Elkhart at a glance

Population by race and Hispanic origin

Cities in this database with the most similarly-sized populations

Full-time law enforcement staff, Elkhart Police Department

  • 128 Officers
  • 32 Civilian staff

Full-time law enforcement officers per 1,000 residents

  • 2.38 Elkhart
  • 1.6 National average, cities with 50,000 to 99,999 population
  • 2.2 National average

These figures reflect the Elkhart Police Department only, and do not include state or other police agencies that may be present in this location.

Federal grant funding for Elkhart

We were unable to locate any federal grant funding for this location based on our standard search parameters. Learn more about the grant programs we are tracking.

Military equipment transfers

Data last updated July 9, 2024

$689K value of military equipment has been transferred to the Elkhart Police Department

The highest-value stock number reported is MINE RESISTANT VEHICLE with 1 item valued at $689,000.00 each

Recent equipment transfers

Military equipment transfers
Ship date Item and National Stock Number (NSN) Quantity Acquisition value, each Acquisition value, total DEMIL code DEMIL IC
1 1 @ $689,000.00 $689,000.00 C 1

Local police misconduct data, consent decrees, and settlements

Data last updated July 17, 2023


We identified 1 publicly reported settlement that resulted in $7,500,000.00 in monetary compensation to victims.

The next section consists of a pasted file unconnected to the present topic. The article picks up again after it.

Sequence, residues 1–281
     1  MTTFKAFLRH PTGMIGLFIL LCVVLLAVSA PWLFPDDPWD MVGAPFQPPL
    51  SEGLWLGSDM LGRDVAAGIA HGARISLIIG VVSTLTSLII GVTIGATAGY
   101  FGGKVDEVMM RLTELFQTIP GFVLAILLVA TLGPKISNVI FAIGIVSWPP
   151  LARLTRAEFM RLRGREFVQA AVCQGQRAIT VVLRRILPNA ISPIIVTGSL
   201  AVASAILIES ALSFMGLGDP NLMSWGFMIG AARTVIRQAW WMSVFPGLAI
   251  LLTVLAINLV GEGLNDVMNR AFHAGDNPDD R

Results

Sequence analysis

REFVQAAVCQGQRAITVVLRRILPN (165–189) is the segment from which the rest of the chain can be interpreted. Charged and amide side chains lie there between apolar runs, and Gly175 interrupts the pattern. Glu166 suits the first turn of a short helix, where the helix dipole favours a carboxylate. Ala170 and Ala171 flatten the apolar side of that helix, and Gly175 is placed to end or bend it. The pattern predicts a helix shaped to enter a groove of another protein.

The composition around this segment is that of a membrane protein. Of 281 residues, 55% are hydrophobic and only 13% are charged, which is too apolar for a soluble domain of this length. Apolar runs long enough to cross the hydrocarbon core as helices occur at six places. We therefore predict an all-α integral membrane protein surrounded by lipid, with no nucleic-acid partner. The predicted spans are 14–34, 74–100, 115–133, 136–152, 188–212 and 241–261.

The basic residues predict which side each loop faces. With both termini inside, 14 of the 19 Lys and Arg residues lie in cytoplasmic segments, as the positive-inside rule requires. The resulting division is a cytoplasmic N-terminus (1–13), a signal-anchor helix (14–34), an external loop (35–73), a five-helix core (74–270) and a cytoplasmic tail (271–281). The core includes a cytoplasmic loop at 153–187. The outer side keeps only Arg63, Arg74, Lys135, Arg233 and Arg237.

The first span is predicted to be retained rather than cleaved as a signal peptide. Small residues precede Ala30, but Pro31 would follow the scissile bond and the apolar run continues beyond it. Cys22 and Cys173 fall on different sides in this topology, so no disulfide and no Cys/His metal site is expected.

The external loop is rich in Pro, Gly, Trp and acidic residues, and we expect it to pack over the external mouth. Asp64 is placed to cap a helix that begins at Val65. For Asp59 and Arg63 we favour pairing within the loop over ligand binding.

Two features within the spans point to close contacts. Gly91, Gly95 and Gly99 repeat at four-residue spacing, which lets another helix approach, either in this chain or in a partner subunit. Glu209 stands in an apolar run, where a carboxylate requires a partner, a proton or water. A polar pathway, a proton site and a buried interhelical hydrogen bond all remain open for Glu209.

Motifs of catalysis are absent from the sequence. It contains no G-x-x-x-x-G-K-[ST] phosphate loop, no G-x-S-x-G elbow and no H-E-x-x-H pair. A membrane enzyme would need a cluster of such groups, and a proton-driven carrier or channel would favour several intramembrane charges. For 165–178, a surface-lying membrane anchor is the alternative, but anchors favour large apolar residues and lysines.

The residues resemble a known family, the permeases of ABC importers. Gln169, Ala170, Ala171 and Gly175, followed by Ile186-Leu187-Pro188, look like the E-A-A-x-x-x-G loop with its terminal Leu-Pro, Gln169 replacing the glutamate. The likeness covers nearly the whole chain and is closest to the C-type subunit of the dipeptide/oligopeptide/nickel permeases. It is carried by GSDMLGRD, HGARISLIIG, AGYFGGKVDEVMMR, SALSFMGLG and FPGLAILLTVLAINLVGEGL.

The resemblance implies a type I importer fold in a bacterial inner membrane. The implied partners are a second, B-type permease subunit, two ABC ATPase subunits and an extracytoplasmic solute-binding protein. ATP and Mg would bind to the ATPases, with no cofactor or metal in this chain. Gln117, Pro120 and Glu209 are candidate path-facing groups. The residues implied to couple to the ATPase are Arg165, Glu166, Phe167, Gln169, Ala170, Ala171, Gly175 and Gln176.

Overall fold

Year Description Outcome

Keith Cooper settled a wrongful conviction lawsuit with the City of Elkhart, Indiana for $7.5 million, the largest amount paid to a plaintiff in a wrongful conviction lawsuit in Indiana history

In 1996, Keith Cooper was wrongfully convicted of armed robbery. Cooper filed a lawsuit against the Elkhart Police Department claiming that their police officials, including detective Steve Rezutko, framed him through “false witness statements and unduly suggestive photo lineups.” The eyewitnesses who testified at Cooper’s trial later admitted that they had been manipulated by Rezutko into implicating Cooper. DNA evidence later identified the shooter as a man who was convicted of murder in Michigan in 2002. Cooper was the first Indiana man to be granted a pardon based on actual innocence in 2017.

Cooper’s co-defendant, Christopher Parish, was exonerated and awarded a nearly $5 million settlement in 2014.